Zeus at Olympia

Lost Wonders We Wish We Could Have Seen

The ancient world remains a mysterious and alluring topic for so many thousands of travellers and tourists right across the globe. The ingenuity and execution of some of the wonders that showed off the majesty of such a world are made even more impressive when you consider the lack of technology behind them. Unlike some of the wonders today that remain visible such as the Colosseum in Rome or the Petra in Jordan, there are plenty of splendid wonders that have been lost to the ages, leaving only myths, legends and our imaginations to comprehend their true beauty.

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#1 Colossus of Rhodes

Erected on the picturesque and iconic island of Rhodes, the Colossus of Rhodes was the giant statue in tribute to the Greek sun-god Helios. Constructed in 280BC to commemorate Rhodes' victory over Macedonia, it collapsed following the Rhodes earthquake of 226BC, leaving very little remains. The mystique and might of the towering colossus however has left an imprint on the imagination of travellers for centuries, with the famous image of the giant god guarding the city's entrance with each of his feet imprinted on thousands of minds. 

#2 Hanging Gardens of Babylon

Shrouded in mystery and myth, the Hanging Gardens of Babylon remain the most elusive and awe-inspiring of all the world's lost wonders. With no definitive location ever found, or any real valid evidence of the gardens even existing, the Gardens have plucked at the wonder of millions of peoples' imaginations for centuries now. Presumably somewhere in the modern-day state of Iraq, it is reported that the masterfully engineered tiered gardens were built by the mighty Babylonian King Nebuchadnezzar II for his wife, who reportedly missed the green hills of her homeland. 

#3 Temple of Artemis

Built in present day Turkey by the Greeks, the Temple of Artemis was the finest construction built of its day, proven by the fact that it was rebuilt several times before its ultimate demise. Experiencing hardships ranging from arson to flooding, the temple had its first construction originally date all the way back to the bronze age. It attracted immigrants from all corners of the known world and led to an influx of worship towards the Greek god who would find a staple place in the venerations of both the Greeks and then later the Romans.  

#4 Statue of Zeus at Olympia

A tribute to the chief and most important god in the Greek culture and erected in one of the most magical and legendary points in their entire geography, the Statue of Zeus was wholly designed to flex the muscles of Greek majesty. Reportedly standing at a massive thirteen metres tall and constructed from luxury materials such as gold and ivory plates, it was designed to outdo the wonders found in Athens. The fate of the temple then fell into the myth books, with the most common fate being attributed to Turkish thieves who moved the statue to Constantinople, where it eventually burned down in 425 AD.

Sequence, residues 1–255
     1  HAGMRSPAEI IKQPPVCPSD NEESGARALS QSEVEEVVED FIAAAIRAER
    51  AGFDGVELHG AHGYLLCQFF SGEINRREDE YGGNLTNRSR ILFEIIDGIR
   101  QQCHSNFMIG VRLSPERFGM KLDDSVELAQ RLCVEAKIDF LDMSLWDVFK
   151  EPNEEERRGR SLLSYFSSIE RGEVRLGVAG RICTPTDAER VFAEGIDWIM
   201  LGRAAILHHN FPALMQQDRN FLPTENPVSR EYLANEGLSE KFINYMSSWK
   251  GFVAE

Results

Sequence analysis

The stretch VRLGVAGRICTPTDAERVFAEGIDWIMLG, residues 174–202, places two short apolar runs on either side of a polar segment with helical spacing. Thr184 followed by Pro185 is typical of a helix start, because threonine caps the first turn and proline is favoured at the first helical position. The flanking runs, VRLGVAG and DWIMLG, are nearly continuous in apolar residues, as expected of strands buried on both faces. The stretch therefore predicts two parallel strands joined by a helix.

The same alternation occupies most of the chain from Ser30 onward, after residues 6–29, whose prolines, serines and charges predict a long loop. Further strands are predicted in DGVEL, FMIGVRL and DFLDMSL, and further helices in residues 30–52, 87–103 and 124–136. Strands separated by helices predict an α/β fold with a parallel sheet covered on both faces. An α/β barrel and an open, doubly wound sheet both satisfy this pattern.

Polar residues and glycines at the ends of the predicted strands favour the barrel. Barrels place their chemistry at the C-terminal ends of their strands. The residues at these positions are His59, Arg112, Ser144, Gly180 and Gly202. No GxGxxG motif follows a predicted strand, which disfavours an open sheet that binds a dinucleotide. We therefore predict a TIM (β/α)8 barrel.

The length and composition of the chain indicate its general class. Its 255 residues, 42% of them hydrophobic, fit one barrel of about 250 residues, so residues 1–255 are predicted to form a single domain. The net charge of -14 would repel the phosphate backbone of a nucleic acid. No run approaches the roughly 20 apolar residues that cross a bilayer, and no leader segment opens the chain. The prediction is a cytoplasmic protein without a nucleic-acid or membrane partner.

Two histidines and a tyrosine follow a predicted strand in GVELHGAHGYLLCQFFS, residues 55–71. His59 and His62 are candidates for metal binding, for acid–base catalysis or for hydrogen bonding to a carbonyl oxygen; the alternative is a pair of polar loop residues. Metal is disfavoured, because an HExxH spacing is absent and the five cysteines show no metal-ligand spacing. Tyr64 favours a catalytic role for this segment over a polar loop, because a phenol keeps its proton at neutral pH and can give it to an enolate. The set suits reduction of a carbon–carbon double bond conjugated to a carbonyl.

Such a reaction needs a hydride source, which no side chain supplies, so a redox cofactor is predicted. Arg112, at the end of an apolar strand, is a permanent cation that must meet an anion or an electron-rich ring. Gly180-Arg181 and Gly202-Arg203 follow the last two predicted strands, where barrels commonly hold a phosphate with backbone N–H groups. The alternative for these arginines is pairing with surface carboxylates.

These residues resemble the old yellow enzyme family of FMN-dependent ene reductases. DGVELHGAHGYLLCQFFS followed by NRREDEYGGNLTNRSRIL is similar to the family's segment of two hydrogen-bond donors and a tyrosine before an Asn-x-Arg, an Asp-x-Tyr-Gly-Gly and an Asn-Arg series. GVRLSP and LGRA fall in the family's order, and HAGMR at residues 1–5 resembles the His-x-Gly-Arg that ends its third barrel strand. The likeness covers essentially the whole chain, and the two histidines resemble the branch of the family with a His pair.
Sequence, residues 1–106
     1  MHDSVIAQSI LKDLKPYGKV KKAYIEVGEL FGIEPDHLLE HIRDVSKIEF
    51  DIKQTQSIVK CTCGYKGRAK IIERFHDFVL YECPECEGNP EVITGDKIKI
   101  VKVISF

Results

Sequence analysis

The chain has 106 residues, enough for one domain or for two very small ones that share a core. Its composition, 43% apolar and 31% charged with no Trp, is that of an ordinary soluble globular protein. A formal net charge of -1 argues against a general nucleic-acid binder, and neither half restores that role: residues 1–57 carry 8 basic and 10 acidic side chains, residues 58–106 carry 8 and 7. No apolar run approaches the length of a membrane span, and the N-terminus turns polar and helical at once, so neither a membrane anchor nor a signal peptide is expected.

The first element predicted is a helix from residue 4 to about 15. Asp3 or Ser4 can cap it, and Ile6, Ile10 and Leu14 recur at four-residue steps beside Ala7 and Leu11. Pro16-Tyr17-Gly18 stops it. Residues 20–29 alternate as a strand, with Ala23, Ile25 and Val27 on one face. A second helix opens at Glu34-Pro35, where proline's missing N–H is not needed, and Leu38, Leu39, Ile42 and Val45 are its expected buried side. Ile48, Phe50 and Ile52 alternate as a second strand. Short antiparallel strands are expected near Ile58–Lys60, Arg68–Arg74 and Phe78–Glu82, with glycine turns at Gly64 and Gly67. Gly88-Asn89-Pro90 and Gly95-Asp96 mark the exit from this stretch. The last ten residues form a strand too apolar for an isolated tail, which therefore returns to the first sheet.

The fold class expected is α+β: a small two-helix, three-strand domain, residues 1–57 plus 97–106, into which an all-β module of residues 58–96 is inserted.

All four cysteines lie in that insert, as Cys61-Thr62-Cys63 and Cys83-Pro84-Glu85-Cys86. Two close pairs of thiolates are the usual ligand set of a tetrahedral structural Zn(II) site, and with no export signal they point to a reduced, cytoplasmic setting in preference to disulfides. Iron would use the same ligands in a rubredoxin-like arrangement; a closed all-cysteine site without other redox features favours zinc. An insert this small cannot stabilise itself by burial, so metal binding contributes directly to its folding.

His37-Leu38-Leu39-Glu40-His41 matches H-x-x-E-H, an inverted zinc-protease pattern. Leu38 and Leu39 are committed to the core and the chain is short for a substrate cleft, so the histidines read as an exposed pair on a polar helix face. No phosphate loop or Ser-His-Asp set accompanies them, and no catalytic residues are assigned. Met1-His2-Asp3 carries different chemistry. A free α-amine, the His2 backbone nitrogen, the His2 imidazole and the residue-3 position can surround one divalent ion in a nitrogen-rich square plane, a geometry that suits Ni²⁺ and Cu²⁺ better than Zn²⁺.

#5 Mausoleum of Halicarnassus

So great was the Persian Satrap Mausolus that he decided that not even death would halt his majesty. Built between 353 and 350BC and standing at a mighty forty-five metres in height, this wonder proved to be so influential that it even lent its name to the act of above-ground burials. Fitted with all manner of sculpture reliefs that displayed the full majesty of the ruler, the Mausoleum was repeatedly damaged by severe earthquakes between the 12th and 15th century. Although it was eventually destroyed beyond repair, it was the last standing of the Lost Wonders of the Ancient World. 

#6 Lighthouse at Alexandria

Easily one of the tallest man made structures of the ancient world, and standing up tall against even some of the contemporary giants, the Lighthouse at Alexandria is reported to have punched just higher than a hundred metres at the end of its construction, sometime during the reign of Ptolemy II. Signalling the might and ingenuity of the Ptolemaic kingdom, it was damaged by otherwise withstood earthquakes that hit the region between 956 and 1323 AD. Ceasing operations in 1323, its final destruction was confirmed in 1480 when its remaining stones were used to build the Citadel of Qaitbay also in Alexandria, Egypt. 

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Written by James Metcalfe

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